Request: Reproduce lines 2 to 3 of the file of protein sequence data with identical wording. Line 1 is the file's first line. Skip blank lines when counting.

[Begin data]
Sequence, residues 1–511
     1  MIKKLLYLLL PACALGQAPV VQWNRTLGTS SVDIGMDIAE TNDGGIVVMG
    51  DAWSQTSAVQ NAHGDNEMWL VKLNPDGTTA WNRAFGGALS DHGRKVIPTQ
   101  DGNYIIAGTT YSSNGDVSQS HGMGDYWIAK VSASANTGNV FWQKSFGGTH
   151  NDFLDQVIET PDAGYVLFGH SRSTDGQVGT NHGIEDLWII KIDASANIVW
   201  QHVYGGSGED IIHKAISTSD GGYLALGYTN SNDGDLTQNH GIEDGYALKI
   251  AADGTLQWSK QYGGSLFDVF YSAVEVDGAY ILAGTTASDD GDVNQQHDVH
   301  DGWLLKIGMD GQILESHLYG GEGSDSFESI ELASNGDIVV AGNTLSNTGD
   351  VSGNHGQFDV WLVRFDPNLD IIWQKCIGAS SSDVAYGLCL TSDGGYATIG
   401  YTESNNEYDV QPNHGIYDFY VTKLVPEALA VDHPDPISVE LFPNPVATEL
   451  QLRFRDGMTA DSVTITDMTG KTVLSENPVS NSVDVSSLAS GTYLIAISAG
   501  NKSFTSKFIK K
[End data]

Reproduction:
     1  MIKKLLYLLL PACALGQAPV VQWNRTLGTS SVDIGMDIAE TNDGGIVVMG
    51  DAWSQTSAVQ NAHGDNEMWL VKLNPDGTTA WNRAFGGALS DHGRKVIPTQ